The following is the Backstory of the original project, which was to take place in one food court or hawker centre. However, Operation Zero Waste Dabao has now expanded to include not only one food court, but 16 other F&B outlets across the island!
Humble food courts and hawker centres are to me the life and soul of Singapore. I associate my fondest memories with them: buying ban mian from the auntie who watched me grow up, and proudly bringing in overseas visitors for a bite of everything all in one bustling place. They represent the ultimate meeting point of cultures and classes. A Halal stall might be nestled next to a Teochew stall. Neighbourhood hawker food is affordable enough for lower-income Singaporeans, and nostalgic enough that higher-income individuals keep coming back. These are the places where it is wonderfully common to find an expat kid expertly placing orders in Tamil! As such, the Singapore Environment Council (SEC) recognizes that “as a platform through which large crowds of people from various linguistic, cultural and social backgrounds transit every day, Singapore food courts have big potential in terms of raising awareness on environmental issues and sustainability”.
According to the SEC report, “food courts are the main generators of waste in Singapore.” Moreover, my correspondence with the National Environment Agency (NEA) confirmed that “disposable foodware that is contaminated with food/liquid waste is not recycled. […] Being a small island city, Singapore faces limitation on land use. Currently, all waste – biodegradable or not – that is not recyclable and non-hazardous, is incinerated at waste-to-energy plants before being sent to Semakau Landfill.”
Singapore has a sophisticated waste-to-energy incineration system that does indeed leverage cleantech solutions, but this does not preclude the fact that continued use of packaging materials for takeaway orders (called dabao or “打包” in several Chinese dialects) that rely on petroleum, like polystyrene foam, supports production processes that are environmentally harmful. Studies show that producing plastics made from bio-composites, such as agricultural by-product fibres, is less harmful to the environment, in particular because it avoids using fossil fuel feedstocks. Switching to bio-composite packaging is a starting point for making our production and consumption choices more sustainable.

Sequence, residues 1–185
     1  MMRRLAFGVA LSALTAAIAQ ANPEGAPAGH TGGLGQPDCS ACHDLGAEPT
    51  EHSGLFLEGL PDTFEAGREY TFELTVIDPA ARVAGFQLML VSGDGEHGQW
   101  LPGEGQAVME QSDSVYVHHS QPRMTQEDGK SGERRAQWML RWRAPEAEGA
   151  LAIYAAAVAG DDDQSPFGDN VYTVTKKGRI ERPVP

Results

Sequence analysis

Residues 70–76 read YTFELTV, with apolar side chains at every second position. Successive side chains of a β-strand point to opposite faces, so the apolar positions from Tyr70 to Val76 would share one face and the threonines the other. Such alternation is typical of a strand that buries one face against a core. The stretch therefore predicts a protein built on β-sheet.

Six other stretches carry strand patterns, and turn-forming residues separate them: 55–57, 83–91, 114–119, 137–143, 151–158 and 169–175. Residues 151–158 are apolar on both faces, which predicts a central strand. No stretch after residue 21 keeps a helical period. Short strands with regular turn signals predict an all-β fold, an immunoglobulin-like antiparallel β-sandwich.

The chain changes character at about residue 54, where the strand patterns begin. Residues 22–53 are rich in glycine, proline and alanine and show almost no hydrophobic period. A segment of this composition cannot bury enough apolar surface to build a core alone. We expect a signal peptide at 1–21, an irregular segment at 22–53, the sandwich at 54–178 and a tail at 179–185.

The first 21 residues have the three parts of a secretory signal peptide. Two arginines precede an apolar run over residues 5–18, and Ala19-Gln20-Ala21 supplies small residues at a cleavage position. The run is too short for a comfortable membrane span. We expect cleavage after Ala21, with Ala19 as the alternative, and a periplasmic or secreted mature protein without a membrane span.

The environmental advantages of using alternative materials are compelling, but what really drives me is the potential to take a meaningful sociocultural and political stance at the grassroots level. In 2007, the Singapore Packaging Agreement was initiated to encourage industry players to reduce packaging waste. Though the 135 industry signatories have achieved commendable reductions, it must be noted that the majority are larger companies with dedicated manpower and funds for corporate social responsibility programmes. The SEC also began a Green Label Food Court scheme, with the aim of certifying 10% of all food courts by 2011, but the scheme has unfortunately only been able to successfully certify about three food courts to date.
Youth and environmentalist communities have voiced displeasure at the environmentally-unsound materials we continue to support. Some individual stall owners are trying to make changes on their own, but are unsupported and have not amassed enough strength in numbers to effect real change. Meanwhile, other stall owners and members of the public remain unaware of the implications of their consumption choices, or feel disempowered to take action.
This project is to “green” our food courts and hawker centres by forming the essential missing links between community groups: vendors, customers, the public at large, bio-composite foodware manufacturers, food court management boards, environmental activist networks, youth groups, and governmental agencies. I hope to bring together the various stakeholder groups in an effort to promote the use of agri-waste bio-composite foodware in these special community spaces that are such an integral and visible part of Singapore’s identity.